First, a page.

25 June 2017

Divertimento #130

A young man with Proteus syndrome discovers that his birth defect gives him a biologic advantage as a baseball pitcher.

"The Trust for Public Land named the city’s parks and recreation facilities tops in the nation among 100 large city park systems in rankings released Wednesday. It’s Minneapolis’ fifth year at No. 1."

This video explains the use of a dolly zoom in cinematography.

Urine is NOT efficacious in neutralizing the toxins in a jellyfish sting.

"...a search of available marriage license data by a group called Unchained at Last... turned up cases of 12-year-old girls married in Alaska, Louisiana and South Carolina, while other states simply had categories of “14 and younger.”.. Among the states with the highest rates of child marriages were Arkansas, Idaho and Kentucky. The number of child marriages has been falling, but every state in America still allows underage girls to marry..."

"Sallekhana is a supplementary vow to the ethical code of conduct of Jainism. It is the religious practice of voluntarily fasting to death by gradually reducing the intake of food and liquids."

"Placing books on shelves with the spines facing outwards is a relatively recent phenomenon, according to Mark Purcell, former libraries curator for the National Trust and now overseeing the research collections at Cambridge University Library.  Until fashions changed in the 18th century, book titles and authors were not printed on the spine but written in ink on the edge of pages."

"What has 4 letters, sometimes 9 letters, but never has 5 letters."

Awesome balloon art.

King John lost the crown jewels:
When the tide turned and the water began pouring back in, they were still navigating the treacherous bogs and sinking sands. The crown jewels—and many of the men and horses—drowned in the flood... It is also believed that this lost treasure included a good amount of gold, precious items like bejeweled utensils and chalices, and a significant amount of the loot that he had acquired over the course of his recent conquests. But, to this day, none of this bounty has been found. It’s a predicament that has puzzled treasure hunters for decades..."
All you need to know More than you need to know about monkey selfies.

The concept of "universal basic income" ("give everyone enough money to live on") will be field-tested ("studying the effects of a 12-year income guarantee delivered by the NGO GiveDirectly to 26,000 individuals in East Africa using random assignment of villages."}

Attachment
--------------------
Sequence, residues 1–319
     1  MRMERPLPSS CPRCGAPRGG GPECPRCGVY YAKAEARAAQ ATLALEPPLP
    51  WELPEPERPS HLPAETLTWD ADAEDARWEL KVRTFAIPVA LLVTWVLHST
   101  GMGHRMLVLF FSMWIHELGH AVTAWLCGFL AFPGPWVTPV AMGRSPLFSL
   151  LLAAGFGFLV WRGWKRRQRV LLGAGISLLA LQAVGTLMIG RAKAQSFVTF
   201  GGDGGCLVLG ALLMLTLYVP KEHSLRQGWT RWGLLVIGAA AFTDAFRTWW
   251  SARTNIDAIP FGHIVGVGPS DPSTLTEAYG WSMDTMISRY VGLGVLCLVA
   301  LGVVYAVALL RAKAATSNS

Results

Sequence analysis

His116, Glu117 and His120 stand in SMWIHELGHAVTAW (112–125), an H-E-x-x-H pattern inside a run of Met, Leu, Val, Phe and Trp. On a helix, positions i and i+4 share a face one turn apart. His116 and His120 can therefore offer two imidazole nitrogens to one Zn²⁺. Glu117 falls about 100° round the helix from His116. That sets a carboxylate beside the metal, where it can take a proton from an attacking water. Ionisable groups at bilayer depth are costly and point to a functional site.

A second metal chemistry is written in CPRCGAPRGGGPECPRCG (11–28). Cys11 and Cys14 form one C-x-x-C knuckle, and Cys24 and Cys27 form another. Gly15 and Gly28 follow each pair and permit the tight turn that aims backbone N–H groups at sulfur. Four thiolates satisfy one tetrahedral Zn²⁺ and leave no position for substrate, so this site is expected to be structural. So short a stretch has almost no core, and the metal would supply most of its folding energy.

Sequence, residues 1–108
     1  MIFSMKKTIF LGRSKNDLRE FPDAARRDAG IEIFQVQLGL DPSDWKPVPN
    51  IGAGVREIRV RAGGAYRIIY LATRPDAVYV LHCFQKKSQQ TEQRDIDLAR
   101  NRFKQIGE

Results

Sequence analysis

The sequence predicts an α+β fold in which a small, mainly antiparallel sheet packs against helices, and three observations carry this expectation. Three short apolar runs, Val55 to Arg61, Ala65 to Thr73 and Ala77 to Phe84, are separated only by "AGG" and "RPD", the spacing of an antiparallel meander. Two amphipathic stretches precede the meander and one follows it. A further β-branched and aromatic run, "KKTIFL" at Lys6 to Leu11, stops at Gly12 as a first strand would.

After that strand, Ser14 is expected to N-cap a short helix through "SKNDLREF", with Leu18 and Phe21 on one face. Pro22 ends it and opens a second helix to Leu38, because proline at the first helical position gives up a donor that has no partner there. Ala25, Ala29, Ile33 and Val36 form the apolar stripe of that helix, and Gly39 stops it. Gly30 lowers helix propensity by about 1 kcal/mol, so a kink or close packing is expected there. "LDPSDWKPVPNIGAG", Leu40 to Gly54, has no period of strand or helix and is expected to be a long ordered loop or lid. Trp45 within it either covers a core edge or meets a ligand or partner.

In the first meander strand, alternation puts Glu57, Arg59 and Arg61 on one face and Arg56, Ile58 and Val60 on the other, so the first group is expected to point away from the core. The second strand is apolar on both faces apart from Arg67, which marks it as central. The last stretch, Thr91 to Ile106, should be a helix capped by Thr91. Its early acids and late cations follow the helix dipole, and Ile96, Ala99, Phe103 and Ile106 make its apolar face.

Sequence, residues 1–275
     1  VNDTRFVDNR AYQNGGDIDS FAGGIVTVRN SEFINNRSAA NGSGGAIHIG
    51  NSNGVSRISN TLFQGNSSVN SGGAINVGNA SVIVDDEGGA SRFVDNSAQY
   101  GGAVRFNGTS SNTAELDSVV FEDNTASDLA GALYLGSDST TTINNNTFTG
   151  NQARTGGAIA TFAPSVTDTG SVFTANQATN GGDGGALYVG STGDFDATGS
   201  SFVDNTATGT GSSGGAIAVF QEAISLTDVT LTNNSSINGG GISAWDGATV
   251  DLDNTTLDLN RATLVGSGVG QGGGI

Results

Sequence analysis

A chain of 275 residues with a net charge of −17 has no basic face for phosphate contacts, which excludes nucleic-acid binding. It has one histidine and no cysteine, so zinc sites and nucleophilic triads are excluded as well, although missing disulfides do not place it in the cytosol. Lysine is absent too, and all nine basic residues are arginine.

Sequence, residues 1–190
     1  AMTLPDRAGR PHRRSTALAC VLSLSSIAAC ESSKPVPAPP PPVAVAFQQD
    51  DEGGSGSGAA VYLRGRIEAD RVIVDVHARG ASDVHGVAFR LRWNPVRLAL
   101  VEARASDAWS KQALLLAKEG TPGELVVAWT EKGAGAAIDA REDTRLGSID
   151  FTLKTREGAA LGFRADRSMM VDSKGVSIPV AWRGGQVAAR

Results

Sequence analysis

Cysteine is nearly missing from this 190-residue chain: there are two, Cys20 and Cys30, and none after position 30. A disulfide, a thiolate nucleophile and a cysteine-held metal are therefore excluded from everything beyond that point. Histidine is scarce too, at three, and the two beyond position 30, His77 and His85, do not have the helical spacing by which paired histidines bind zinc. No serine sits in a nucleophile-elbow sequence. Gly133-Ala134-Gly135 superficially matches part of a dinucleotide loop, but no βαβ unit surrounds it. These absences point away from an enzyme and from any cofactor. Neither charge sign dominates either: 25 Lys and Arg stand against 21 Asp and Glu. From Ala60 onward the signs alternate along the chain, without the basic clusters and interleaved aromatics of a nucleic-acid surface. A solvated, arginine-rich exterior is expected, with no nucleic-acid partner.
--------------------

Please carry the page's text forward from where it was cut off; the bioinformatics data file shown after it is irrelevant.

A man died of Vibrio septicemia after he went swimming in the Gulf of Mexico shortly after getting a tattoo (but he may have been immunocompromised by alcoholic liver disease).

A Minnesota family is restoring a white pine forest; they've planted 3,500 trees in the past decade ("Ted spends an extraordinary amount of time attempting to protect the trees from deer...")

Here is the box score of a baseball game in which the two pitching staffs combined for 42 strikeouts (16+26) in 12 innings.

Those who enjoy following the activities of the Supreme Court probably already know "Kittens Kick The Giggly Blue Robot All Summer God-damn." (answer at the very end of the Radiolab podcast.)

The Guardian explores the rise of neo-Nazis in modern America.  "Neo-Nazi activism in America has been undermined for decades by what both extremist leaders and hate group monitors describe as incredibly childish infighting."  The current political climate has changed that.

When did the United States achieve independence?  We celebrate the Fourth of July, because that is when America declared independence.  Some historians argue that independence isn't achieved until it is recognized by the world community (and that would be the Treaty of Paris in 1783).

You're not the only person who sometimes forgets what they are doing when they enter a room.

"For Christians looking for a way to opt out of an expensive health insurance market that they see as profit-driven, intruding on their personal freedom, and indifferent (at best) to issues of abortion and the sanctity of life, health care sharing ministries may seem like the perfect, providential solution."

Impressive bird wings trapped in amber. "...plumage types associated with modern birds were present within single individuals of Enantiornithes by the Cenomanian (99 million years ago)."  [if you are like me, you have to look up Cenomanian.]

One person's opinion that Bernie Sanders could have won the presidency.

A subreddit dedicated to "Room Porn."  Try browsing some pix of remarkable interior design and decorating.

The most numerous undomesticated bird in the world is the.... what?   I'll give you five guesses and you won't get it.  Ten.  And there are at least a billion of them.  Maybe ten billion.

A map of ships buried beneath San Francisco.

A judge has ruled that a neo-Nazi with explosives and a framed picture of Timothy McVeigh is not a threat.

Filmed on the streets of Atlanta, Georgia.  Discussion thread here.

A poster by PETA.

Condor visits the man who saved his life.  If you've never seen the size of an Andean condor, be prepared to be impressed.